What advice would you give to farmers younger than you?

I would tell young farmers to be involved in as many things as they can, especially groups like Farm Bureau, that are advocating for them in lots of different ways. Also, just know, hard times are going to come. It is imperative you do as much advance planning as you can, all while keeping your head down and persevering.

What would you say to a farming friend experiencing poor mental health?

Farming is a stressful occupation. Don’t be afraid to seek out help. It’s easier said than done, but try not to take your work home with you and keep your farming job from conquering you 24/7.

Robert Earl McGehee, South Mississippi Vice President

How have you incorporated technology on your farm?

I am inseparable from my phone and iPad. Those two devices have improved my ability to farm immensely. I do not have to leave the field to find equipment parts or look up information I need. Up and coming farmers have access to so much more technology than when I started, so I encourage them to take full advantage of it.

What advice would you give to farmers younger than you?

I would tell young farmers to get active in Farm Bureau and the Young Farmers & Ranchers program. We have a lot to offer. Farming is not the easiest occupation, so it’s normal to need help. We want to be there to help you.

What would you say to a farming friend experiencing poor mental health?

Poor mental health is becoming a big issue in the farming community. Since mental health is such a hard subject to approach, we have a tendency to want to look the other way. We don’t need to do that. We need to acknowledge that this is a problem within our world today so that we can possibly save some lives. I encourage anyone experiencing poor mental health to seek out help.

Betty Mills, State Women’s Leadership Committee Chair

How have you incorporated technology on your farm?

When my husband and I began farming, we did not have the technology they do now. When my son and grandson started, they incorporated all kinds of technology that helps them cover more ground and be more accurate.

What advice would you give to farmers younger than you?

Farming is hard. It’s not for everyone. But for those tough enough to be farmers, I would encourage them to hang in there. Have a goal and a plan to reach it. Be involved with the organizations and programs, like those Extension and Farm Bureau hosts, that educate you further on what you’re doing with your farming business.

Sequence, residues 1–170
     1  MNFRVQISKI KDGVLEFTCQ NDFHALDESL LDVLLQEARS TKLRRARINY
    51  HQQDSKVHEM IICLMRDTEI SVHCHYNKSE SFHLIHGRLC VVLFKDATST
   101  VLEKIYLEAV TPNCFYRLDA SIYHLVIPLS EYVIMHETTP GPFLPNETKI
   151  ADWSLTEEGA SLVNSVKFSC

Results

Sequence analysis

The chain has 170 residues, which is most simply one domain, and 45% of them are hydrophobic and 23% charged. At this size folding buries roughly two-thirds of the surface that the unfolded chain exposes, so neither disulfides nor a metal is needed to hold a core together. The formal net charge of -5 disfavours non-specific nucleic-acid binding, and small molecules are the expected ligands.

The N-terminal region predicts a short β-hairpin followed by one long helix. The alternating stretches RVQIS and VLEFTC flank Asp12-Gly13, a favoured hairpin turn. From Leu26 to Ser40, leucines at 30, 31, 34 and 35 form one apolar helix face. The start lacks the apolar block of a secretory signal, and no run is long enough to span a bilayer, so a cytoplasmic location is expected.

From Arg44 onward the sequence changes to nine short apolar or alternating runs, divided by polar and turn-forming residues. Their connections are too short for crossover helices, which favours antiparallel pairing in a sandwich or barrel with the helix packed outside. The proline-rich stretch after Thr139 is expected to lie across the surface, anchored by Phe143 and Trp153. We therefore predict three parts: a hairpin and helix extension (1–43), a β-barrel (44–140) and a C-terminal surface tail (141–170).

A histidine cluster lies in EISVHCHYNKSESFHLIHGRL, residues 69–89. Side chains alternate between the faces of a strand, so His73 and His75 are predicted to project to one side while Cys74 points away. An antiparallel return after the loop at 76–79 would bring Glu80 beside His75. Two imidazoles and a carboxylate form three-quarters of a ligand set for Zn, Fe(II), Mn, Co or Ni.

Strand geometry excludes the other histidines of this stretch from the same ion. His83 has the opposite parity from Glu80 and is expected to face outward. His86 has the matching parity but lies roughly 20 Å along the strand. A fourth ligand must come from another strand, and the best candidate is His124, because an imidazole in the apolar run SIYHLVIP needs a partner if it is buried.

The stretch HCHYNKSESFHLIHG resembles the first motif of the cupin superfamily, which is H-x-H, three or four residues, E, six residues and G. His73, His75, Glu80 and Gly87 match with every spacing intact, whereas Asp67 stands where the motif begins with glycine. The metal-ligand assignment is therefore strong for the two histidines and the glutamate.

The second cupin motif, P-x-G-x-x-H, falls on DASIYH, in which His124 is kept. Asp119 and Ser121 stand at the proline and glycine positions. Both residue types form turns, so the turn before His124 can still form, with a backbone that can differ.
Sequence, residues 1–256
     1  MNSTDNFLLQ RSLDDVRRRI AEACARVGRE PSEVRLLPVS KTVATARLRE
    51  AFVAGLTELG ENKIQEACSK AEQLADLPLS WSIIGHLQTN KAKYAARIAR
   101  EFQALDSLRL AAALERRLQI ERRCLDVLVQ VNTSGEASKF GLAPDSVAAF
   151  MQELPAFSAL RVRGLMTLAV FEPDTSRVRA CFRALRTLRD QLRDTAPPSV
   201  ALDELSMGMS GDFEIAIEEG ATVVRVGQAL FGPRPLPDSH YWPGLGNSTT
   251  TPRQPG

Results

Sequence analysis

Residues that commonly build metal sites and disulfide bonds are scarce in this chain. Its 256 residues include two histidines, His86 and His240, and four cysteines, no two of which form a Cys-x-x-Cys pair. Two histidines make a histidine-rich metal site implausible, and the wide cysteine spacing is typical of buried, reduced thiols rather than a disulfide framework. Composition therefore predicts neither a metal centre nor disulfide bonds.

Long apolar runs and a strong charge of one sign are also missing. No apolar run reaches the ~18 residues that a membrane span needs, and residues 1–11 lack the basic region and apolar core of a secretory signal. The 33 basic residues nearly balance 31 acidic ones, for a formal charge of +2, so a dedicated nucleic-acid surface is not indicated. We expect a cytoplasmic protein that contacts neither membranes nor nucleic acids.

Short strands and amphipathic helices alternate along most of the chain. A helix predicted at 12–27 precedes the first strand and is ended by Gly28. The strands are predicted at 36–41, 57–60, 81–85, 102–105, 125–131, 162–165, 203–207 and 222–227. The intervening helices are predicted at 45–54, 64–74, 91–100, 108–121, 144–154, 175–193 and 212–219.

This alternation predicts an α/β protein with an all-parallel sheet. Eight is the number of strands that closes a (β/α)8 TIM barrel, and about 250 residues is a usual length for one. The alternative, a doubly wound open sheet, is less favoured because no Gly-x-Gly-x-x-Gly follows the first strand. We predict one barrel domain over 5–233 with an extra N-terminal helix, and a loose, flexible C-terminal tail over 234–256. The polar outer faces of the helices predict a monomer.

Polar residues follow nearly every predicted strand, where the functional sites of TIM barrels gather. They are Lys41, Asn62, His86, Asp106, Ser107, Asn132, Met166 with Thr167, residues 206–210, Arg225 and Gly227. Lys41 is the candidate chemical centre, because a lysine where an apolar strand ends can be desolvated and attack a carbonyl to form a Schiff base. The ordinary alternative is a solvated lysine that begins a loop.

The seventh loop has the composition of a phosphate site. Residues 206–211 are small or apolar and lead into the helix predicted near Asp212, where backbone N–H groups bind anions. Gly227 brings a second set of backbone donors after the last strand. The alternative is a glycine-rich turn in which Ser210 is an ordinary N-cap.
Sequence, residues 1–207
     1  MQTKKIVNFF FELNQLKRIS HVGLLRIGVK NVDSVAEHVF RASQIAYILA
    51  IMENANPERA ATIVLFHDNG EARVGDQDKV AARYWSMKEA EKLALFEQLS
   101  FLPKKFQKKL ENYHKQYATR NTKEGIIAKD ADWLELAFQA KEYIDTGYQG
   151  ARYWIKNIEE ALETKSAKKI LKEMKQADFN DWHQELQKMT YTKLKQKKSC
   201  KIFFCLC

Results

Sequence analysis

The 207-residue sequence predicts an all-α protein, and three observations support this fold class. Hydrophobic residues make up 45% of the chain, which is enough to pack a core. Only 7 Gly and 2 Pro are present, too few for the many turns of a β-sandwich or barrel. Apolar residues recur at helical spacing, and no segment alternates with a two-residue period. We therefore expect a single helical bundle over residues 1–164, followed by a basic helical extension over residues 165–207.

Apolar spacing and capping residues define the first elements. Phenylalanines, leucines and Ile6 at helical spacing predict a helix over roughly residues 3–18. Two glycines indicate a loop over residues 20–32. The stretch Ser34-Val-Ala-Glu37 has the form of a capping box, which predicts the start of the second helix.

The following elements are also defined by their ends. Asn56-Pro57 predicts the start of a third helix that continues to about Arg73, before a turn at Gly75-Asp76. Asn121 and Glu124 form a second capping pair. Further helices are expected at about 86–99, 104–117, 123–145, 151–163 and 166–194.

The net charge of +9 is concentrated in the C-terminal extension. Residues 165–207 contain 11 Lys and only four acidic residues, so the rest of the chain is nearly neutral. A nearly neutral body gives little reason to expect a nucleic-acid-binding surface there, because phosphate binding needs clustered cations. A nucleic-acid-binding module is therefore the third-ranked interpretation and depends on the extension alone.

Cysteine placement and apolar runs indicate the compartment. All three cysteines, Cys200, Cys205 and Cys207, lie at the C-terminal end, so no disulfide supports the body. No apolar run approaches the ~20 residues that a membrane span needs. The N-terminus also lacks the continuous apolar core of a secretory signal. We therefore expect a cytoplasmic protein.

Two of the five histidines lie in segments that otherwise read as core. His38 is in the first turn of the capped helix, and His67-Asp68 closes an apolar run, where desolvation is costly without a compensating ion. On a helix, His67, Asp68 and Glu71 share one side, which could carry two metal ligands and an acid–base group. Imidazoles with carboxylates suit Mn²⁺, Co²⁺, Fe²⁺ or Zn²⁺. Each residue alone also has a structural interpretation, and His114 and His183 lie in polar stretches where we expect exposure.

What would you say to a farming friend experiencing poor mental health?

Farming puts a lot of pressure on everyone involved. If you don’t feel right, reach out to your family or someone you trust to open up about what’s going on in your life. And above all else, pray about everything going on in your life.

Matt Hammons, State Young Farmers & Ranchers Committee Chair

How have you incorporated technology on your farm?

I run a chicken farm and my chicken houses run off a computer called a Rotem. Fifty years ago, a chicken farmer could never leave their farm because you had no idea what was going on unless you were there looking in the chicken houses. Now, the Rotems can literally do everything. They let down your equipment.  They turn your fans on.  They call you if something goes wrong. Technology gives you more freedom on the farm.

What advice would you give to farmers younger than you?

Becoming an active member of Farm Bureau is vital to the success of future generations as farmers. Farming is hard, especially for young farmers trying to get started. Being involved with an established organization like Farm Bureau and having access to their resources is imperative. I always encourage people to join and be active in their membership.

What would you say to a farming friend experiencing poor mental health?

Farming is a stressful business. There’s so much on the line trying to provide for your family and other families. That much stress and pressure can take a toll on you if you’re not careful. There is nothing wrong with that, but you definitely don’t need to deal with it alone. Don’t be ashamed to go talk to someone about your problem. You’re not the only one. It’s vital to have a good mental health state-of-mind in order to have a healthy farm.